Because I know I am not thinking very coherently right now, I am going to pull out the list of observations that struck me as “different”. All around the world, travelling overland somewhat feels the same; eating out feels the same after a while (since Toronto is a melting pot after all); being in a hotel room feels the same after a while; the pictures you take feel the same after a while; and truthfully, the timeline, history and everything you hear feels the same and to be quite frank, a little muddled after a while; so, the real difference in travelling experiences is in your honest encounters with people in the moment, the truthful conversations you have about the past and present, and your own conscious take-aways. It's the truth; well, at least it's my truth.


Note: There were some interesting and chilling things we noticed on walls or billboards from a political perspective, but I think I am going to leave those out, and keep this a bit more PG. Once again, not repressing my own voice, but sometimes, some things just need to be left in memory.


Travelling as a Canadian is really quite restrictive, and I hope that over time that changes because I would really like to go back under a different pretense. Because of sensitivities (past and present) with diplomatic relations and my one and only loose mention here now of ‘spies’, Canadian, British and US passport holders need to book a thorough program and itinerary though a registered Iranian tour agency – i.e. someone needs to know where you are at, at all times. Further, a registered trained guide (someone who studied Iranian tourism in university, and took the requisite accreditation to guide said ethnicities) is with you throughout all your travels.


If you want to eat, the guide eats with you, which is novel and friendly in the beginning. If you want to shop, your guide watches your every movement and pretty much facilitates the transaction. If you want to hike a mountain, the guide hikes the mountain with you (and according to our trekking architect, who coordinated the hiking leg of our trip, it was near impossible to find a trained cultural guide who had mountaineering experience). He or she escorts you to the airport, and makes damn well sure you get on that airplane back to your home country, and you do not disappear off the face of this earth to do something 'unsavoury'.We got some free time, but in some ways, I feel like we manipulated the situation, and it ended up being a free pass in our favour.


While kind and sometimes unnecessarily too generous, our guide was pretty scripted, and we got the sense that she was very much trained that way. She could list off all the dates and names of leaders and all their henchmen throughout the times. She could describe which pillar or tiled ceiling was made of what, and the associated religious influences. She read the signs to ensure she got the centuries right for each of the pottery pieces. But, there was something unnatural about how she interacted with us once we left each museum or religious shrine.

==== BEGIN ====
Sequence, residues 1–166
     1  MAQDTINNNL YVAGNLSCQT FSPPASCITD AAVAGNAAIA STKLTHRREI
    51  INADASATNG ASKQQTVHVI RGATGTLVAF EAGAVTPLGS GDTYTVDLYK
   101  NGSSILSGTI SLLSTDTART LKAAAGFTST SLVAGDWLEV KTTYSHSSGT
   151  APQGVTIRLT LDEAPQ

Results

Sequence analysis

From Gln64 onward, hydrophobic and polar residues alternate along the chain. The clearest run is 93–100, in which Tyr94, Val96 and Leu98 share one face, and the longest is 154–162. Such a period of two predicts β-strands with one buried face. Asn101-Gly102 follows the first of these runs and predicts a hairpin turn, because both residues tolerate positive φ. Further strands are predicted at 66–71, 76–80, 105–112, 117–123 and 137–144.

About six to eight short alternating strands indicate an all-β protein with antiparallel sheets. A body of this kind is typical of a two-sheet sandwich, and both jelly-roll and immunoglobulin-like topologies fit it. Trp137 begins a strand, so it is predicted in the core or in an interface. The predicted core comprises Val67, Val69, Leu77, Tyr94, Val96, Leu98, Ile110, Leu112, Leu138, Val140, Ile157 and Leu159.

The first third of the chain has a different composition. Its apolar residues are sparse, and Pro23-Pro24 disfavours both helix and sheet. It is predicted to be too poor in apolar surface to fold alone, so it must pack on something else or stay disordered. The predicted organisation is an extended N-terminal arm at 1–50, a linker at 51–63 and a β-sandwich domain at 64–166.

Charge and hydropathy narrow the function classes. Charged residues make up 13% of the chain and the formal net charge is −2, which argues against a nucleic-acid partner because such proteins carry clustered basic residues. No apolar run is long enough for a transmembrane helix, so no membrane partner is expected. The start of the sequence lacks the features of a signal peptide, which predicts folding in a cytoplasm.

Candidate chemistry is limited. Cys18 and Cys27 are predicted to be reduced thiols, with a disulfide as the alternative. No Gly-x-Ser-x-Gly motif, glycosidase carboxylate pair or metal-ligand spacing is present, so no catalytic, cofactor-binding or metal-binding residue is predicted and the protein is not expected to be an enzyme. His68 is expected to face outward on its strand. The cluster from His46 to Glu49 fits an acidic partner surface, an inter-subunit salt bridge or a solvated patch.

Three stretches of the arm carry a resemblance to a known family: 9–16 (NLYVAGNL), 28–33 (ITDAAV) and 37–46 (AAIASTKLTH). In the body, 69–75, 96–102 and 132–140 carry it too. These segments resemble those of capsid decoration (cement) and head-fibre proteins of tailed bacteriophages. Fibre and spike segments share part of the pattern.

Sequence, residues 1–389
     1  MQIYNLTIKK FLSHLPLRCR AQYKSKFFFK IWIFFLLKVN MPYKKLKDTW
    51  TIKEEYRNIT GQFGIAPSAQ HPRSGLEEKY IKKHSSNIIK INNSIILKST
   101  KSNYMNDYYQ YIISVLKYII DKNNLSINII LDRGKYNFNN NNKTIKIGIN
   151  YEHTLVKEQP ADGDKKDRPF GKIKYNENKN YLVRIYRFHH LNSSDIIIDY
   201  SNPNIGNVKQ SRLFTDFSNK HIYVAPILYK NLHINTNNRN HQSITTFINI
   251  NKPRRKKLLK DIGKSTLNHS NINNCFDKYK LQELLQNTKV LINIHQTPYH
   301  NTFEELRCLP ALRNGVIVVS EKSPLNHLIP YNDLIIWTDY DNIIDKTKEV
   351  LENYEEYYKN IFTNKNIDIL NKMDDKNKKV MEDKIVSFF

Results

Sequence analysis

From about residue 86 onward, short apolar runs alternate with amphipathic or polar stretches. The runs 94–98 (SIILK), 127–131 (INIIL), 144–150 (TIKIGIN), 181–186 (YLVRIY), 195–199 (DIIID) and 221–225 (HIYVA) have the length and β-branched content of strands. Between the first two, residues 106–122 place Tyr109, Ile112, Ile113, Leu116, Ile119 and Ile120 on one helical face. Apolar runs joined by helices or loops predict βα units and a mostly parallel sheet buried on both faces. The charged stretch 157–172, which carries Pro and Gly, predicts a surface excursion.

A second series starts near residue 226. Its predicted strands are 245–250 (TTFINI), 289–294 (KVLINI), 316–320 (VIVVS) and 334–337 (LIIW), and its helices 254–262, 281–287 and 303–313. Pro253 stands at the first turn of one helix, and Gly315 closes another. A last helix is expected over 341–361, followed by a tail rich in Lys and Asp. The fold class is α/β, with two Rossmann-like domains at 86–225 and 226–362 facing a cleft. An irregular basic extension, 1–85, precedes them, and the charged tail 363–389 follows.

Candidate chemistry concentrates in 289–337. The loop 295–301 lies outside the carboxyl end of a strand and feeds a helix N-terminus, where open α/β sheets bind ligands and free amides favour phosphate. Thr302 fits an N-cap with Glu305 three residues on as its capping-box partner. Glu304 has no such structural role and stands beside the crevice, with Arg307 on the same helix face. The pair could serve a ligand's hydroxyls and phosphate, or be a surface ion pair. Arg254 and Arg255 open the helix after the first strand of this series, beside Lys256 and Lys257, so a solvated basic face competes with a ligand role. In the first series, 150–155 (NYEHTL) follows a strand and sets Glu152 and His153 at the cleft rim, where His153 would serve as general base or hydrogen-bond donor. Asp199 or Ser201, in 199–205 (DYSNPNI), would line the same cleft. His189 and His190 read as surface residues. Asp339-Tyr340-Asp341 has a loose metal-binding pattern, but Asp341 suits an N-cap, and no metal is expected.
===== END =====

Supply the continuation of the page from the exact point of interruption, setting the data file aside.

We asked a lot about modern Iranian regular-day life; and while she always answered with something, her answers still were always cautious and "to the point", with nothing really too substantive to follow. It was pretty anti-climatic. You pretty much had to ask very specific leading questions to get the witness to answer. And, she did not seem very interested in us either. Pretty much only on Day 16 did she re-confirm whether we were Canadian.


If you are invited to someone else’s house, it’s an automatic “no” because everyone may get in trouble if the wrong person sees; so, all those wonderful stories you hear about local-at-home-Iranian hospitality or local-hosted adventures become faraway daydreams for said Canadians, Americans, and Brits without dual passports. I am being a bit dramatic, but there was definitely a bit of a ‘big brother’ undertone throughout the entire almost three weeks. And I mean, Jon and I have travelled with agencies before in countries where we felt we lacked time and needed structured coordination (or because Jon was certain I was leading us both to death), but we never felt this ‘mothered’. I felt 'suffocated' a bit by the end.


We had to hide our cultural identity unless we were with the guide. For the purposes of walking outside on our own on the few occasions, we were both based out of Hong Kong, and after some confused looks as to why Jon did not look Chinese, we noted he had some German in there. Oh, and jokingly Jon was a nuclear physicist (really a joke) since accountant seemed to receive blank looks. Nobody seemed to really care at all what I did. I think after all of this 'monitoring', I actually felt very content to be home with my liberal freedoms - to have dinner without being watched, to do things freely on my own. I spoke with my psychiatrist about this, and she noted that maybe perhaps this was not a bad thing because it gave me a sense of appreciation for my freedoms.